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Using data and evidence for conservation

With so many opportunities to improve our rivers for nature and people, Ribble Rivers Trust often uses mapped data and evidence for conservation. Leanne Tough, our data and evidence trainee, explains more.

I joined Ribble Rivers Trust (RRT) as a trainee in November 2020 through the Pendle Hill Landscape Partnership (PHLP). The PHLP have helped fund traineeships within their own team and within other partner organisations. My year long posting has so far seen me create interactive maps of projects that RRT have completed, to organising woodland creation in Colne. This variety of work and training has been the perfect start to my career.

Being a river conservation charity, RRT are very aware of the multitude of threats our watercourses face. Many have been channelised and modified so heavily that they fail national tests of river health. Other threats include, pollution, in-river manmade obstacles (e.g. weirs) and invasive non-native species (e.g. Himalayan balsam). This presents lots of opportunities for improvement.

But which issues should we work on first? Which ones would have the greatest benefits for the environment, wildlife and people?There is computer software ( a ‘Geographic Information System’) that allows us to map all aspects of the River Ribble catchment.

Using GIS to process data and evidence

Using mapped data and evidence for conservation is really important for Ribble Trust.
GIS mapping helps us to collect and interpret data and evidence, this map shows priority river barriers near Burnley

Using a wide variety of map-based data sets we can generate computer-based models to map priority locations that need help. This data includes everything from landscape features to the distribution of species and issues that are impacting them. So, we have combined lots of data to find locations where tackling these issues could provide the greatest benefits for the environment, wildlife and people.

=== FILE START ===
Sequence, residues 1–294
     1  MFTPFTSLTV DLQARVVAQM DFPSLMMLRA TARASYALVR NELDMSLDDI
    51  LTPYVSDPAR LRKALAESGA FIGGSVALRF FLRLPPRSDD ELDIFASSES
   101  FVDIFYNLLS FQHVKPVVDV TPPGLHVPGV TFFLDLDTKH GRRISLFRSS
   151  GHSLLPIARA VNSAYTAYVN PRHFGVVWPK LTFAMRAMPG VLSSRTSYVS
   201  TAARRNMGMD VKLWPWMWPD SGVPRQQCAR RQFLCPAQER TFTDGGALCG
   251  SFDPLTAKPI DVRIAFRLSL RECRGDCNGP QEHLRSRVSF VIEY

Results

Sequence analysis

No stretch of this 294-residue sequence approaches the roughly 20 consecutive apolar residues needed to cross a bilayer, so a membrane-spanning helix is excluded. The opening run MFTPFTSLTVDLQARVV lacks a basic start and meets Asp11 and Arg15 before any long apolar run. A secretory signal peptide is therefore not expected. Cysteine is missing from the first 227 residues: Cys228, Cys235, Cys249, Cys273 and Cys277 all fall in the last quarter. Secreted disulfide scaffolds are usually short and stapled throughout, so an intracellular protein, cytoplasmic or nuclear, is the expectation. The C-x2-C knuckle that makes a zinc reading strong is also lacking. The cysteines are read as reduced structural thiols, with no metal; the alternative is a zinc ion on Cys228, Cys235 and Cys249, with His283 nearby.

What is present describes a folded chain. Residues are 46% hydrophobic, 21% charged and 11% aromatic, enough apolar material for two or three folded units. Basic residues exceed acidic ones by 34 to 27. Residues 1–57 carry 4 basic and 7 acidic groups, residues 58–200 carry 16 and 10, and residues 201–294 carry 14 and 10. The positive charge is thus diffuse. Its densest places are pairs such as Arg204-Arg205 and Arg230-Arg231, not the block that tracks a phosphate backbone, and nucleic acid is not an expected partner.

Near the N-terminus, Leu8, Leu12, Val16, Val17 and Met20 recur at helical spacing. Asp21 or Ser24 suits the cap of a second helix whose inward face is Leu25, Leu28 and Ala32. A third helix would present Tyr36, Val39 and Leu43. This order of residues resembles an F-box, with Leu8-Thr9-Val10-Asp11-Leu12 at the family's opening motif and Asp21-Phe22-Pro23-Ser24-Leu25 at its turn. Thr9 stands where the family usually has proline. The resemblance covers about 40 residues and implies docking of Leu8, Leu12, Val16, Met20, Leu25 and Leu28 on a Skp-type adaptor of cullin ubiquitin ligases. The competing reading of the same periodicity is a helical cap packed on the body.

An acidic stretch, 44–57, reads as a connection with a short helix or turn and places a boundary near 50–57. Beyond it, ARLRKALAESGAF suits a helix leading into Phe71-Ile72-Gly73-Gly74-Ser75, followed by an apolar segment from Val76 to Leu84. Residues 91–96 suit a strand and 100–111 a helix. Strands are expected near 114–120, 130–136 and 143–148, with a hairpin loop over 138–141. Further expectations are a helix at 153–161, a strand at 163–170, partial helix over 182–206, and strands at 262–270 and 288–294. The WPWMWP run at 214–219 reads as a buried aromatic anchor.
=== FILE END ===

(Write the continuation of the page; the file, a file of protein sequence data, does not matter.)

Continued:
Three data sets we have are: locations where watercourses have failed their health tests due to agricultural pollution, locations at risk of soil erosion, and levels of obesity, inactivity and associated illnesses within local populations. What could help to reduce pollution inputs into watercourses, reduce soil erosion, and increase the health and wellbeing of local communities? Planting trees and creating leaky dams are two examples. They help to slow the flow of water and filter out sediment and pollutants before they reach the river. They are also great physical, outdoor activities for volunteers from local communities to involve themselves in.

Three more data sets we hold are: distribution of fish species, locations of in-river obstacles preventing fish movement along rivers, and lengths of watercourses isolated from each other. We use these datasets to decide which priority obstacle to remove to reconnect the greatest amount of river habitat for fish.

Used correctly and in conjunction with local knowledge and expertise, mapped data is incredibly valuable to us. With it, we can help make the Ribble catchment healthier for all.

Many woodlands, wetlands and fish passes were created through the Ribble Life Together project. You can see them all mapped, here: ribblelifetogether.org. You can also explore our website for more information on our work does: ribbletrust.org.uk/our-activities.